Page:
When Blitsch started working with the team, the FHSA was a newly formed aquatics association with only one other coach on staff. In addition, there are few swim coaches at any level in Haiti and only one 50-meter pool, which has not been functional in 30 years. Despite the lack of coaching, state-of-the-art facilities and financial assistance that many athletic programs in other countries receive, Blitsch was able to lead two Haiti swim team members to the Tokyo Olympics this past summer.
Emile Grand Pierre competed in the 100-meter breast stroke, where she won her heat and set a new Haitian national record with a time of 1:14.82. Unfortunately, swimmer Davidson Vincent had to be quarantined after coming in contact with an individual who tested positive for COVID-19 on the flight to Japan. This allowed him only a few days to train at Tokyo before his race in the 100-meter butterfly. Under the circumstances, Blitsch especially praised him for his effort and time of 54.81.
“The biggest takeaway for the Haitian swim team was our exposure on a global scale,” Blitsch said. “The lack of winning medals was inconsequential compared to the opportunity to compete with unity and respect alongside other athletes from around the world. I was most proud of how the athletes remained focused and composed while in Tokyo. Both swimmers represented Haiti with pride and dedication. They were responsible, coachable and committed to represent Haiti and shed a positive light on a country which has been through such hard times.”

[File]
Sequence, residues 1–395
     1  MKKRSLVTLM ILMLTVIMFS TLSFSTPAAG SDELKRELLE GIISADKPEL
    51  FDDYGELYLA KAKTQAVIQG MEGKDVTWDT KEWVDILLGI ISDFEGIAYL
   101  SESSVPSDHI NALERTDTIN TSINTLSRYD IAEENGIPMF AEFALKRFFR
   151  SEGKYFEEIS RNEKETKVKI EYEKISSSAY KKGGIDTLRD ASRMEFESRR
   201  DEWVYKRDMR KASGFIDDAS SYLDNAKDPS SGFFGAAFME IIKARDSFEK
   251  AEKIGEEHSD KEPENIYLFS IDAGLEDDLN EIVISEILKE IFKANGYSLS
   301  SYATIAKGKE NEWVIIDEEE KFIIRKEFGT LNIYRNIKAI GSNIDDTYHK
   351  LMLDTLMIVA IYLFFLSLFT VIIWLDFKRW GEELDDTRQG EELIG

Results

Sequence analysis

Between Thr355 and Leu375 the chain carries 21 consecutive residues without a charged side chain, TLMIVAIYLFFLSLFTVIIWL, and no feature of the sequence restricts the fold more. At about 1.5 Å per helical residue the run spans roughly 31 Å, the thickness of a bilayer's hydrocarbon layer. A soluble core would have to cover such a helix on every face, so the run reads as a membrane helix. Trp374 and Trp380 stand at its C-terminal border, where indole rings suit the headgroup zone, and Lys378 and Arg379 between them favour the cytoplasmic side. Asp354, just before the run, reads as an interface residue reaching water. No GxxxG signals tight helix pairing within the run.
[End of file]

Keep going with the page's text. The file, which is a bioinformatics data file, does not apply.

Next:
Blitsch noted that while the international exposure of the Olympic team has been slowly influencing more Haitians to try swimming, only 2 percent of the Haiti population knows how to swim, and drowning remains one of the leading causes of death in the country.
“We are beginning to develop coaching certification clinics and lifesaving/lifeguard programs in Haiti as other facets of our mission,” Blitsch said. “There is a lot of work to do, and I am here to help promote the benefits of swimming for sport and survival. I am sincerely thankful and appreciative for a UIU educational experience that has helped me contribute to the success of the FHSA and our aquatic sports teams.”